The numbers were pretty underwhelming. Facebook livestreamed Wayne Rooney’s Testimonial to its 1.7B worldwide fans – and got little over 250K live viewers by my reckoning between Manchester United and Wayne Rooney’s own page.
Not great when you are talking about one of the world’s biggest football clubs. Pretty poor when you compare it with BuzzFeed blowing up a melon and getting 800K live and over 11M in catch-up.
But it worked. Bar a short loss of sound before kick-off it worked brilliantly. Great quality, all on my iPhone. The endless stream of comments was more riveting than the game. But what’s not to like?
Quite a lot if you’re SKY or BT. Both these great businesses are locked in a deadly embrace, slugging it out, spending billions. They’re flies in a jar.
SKY don’t own their market or their viewers. They’re selling a product they are buying for an ever increasing fortune. There’s no loyalty, no family. Lose football, lose your business. BT still don’t get it.
SKY’s market cap is an impressive £15B. Good job. Facebook’s is $350B and climbing. One of the world’s top five companies rivalling Apple and Microsoft. They are a giant, a frightening great giant with a 1.7B audience sitting there on tap. It’s their algorithm. Not even Rupert in his monstrous pomp has ever had such reach – and control over the audience.
More and more the word “media” attaches to Facebook. They’re the dominant “media” in the US elections. And they know it. Whatever happened to the quirky social media platform for compulsive over-sharers?
The Rooney numbers were small. But testimonials aren’t the real thing. Murdoch bucked a market and nearly sank his business launching SKY but had the sheer guts and determination to win. I remember The Sun’s cash flow saved their backsides. But next to Facebook they are pygmies. They all are.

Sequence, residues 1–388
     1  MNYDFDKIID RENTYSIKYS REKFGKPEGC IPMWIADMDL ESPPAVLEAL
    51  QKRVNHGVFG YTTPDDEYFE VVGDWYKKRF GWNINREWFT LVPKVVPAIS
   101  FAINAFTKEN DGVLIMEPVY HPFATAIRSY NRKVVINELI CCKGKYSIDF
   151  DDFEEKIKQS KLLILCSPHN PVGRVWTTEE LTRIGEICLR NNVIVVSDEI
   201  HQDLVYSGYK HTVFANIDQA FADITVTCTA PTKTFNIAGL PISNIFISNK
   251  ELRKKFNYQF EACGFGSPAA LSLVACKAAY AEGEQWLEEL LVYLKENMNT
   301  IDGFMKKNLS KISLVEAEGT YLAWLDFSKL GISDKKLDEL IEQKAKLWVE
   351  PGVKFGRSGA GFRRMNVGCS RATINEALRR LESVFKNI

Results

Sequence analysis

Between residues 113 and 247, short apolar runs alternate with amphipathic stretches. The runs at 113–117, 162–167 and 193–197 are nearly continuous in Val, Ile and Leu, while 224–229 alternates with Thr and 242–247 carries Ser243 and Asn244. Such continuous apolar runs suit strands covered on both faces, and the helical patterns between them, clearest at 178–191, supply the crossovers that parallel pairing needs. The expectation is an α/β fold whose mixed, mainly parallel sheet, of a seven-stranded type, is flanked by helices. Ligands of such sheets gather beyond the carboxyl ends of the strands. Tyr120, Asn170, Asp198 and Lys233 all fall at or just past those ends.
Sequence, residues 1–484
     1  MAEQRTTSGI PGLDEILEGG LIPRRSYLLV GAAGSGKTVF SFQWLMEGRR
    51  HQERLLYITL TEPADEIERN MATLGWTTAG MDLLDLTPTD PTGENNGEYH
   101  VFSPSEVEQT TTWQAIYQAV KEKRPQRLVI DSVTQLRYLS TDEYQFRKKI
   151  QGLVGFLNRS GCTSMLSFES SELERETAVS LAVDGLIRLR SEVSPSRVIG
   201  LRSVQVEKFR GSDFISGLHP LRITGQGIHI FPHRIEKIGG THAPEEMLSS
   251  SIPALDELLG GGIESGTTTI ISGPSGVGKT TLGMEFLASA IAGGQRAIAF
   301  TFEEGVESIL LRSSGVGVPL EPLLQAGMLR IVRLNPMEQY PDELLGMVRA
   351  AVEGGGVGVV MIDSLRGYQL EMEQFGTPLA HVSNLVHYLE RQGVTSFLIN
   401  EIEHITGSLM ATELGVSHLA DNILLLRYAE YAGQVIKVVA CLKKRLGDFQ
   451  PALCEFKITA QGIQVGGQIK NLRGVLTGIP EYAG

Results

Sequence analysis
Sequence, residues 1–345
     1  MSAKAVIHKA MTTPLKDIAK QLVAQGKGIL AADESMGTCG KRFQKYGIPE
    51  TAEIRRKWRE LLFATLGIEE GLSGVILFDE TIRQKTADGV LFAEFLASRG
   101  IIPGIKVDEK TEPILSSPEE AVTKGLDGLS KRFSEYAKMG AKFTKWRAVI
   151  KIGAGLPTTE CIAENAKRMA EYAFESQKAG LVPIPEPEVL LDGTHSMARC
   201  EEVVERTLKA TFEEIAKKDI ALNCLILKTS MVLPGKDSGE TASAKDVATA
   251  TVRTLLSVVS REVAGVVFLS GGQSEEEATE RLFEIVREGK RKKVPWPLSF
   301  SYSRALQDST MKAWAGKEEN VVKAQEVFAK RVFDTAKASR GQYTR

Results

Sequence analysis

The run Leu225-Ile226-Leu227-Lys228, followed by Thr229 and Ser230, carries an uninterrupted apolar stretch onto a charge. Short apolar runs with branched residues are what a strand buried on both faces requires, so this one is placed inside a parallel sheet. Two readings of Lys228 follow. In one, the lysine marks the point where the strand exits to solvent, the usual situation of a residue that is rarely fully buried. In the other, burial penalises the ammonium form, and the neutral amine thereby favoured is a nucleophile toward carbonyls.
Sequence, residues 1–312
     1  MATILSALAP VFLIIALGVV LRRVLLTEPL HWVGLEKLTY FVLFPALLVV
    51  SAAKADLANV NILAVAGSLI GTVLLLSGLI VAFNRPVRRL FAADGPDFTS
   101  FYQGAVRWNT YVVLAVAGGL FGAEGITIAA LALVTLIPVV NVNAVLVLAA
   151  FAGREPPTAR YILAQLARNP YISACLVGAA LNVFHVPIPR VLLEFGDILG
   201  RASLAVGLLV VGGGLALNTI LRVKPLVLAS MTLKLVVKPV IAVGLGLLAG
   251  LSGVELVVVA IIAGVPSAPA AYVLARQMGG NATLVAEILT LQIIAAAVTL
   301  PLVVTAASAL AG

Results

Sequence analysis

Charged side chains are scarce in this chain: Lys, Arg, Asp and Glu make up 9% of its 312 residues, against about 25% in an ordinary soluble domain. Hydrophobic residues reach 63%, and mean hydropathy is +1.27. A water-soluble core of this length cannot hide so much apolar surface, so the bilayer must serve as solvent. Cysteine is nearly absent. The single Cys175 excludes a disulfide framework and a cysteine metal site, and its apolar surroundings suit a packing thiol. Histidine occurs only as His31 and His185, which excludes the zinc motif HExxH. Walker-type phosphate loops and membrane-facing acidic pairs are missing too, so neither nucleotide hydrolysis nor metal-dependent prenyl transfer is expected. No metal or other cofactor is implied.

Facebook will bid for and win the overseas rights for the Premier League then bid and win the whole thing. They will create the first £1B match – 200M people worldwide paying a fiver. They might even pick up SKY just to get the cameras. Or BT if only to fix the broadband speeds. If you generate $20B revenue a year you could swallow them for cash. Or anything or anyone.
Oh. And don’t look to the clubs for support. Last time I went onto a football club website a hand shot out the screen and grabbed my wallet. With friends like that.
Wayne’s nil-all snore-draw against his old club Everton may have been dull viewing. Facebook were merely planning where and when to drop the bomb.
Steve Sampson is former Assistant, Northern and Scottish Editor of The Sun newspaper, a Director of Trinity Mirror publications including the Daily Record and Sunday Mail as well as Business Insider. He was a launch presenter of Radio5 Live, founder of First Press Publishing and contributes to the BBC. He is an investor/owner across a series of digital initiatives and a media adviser.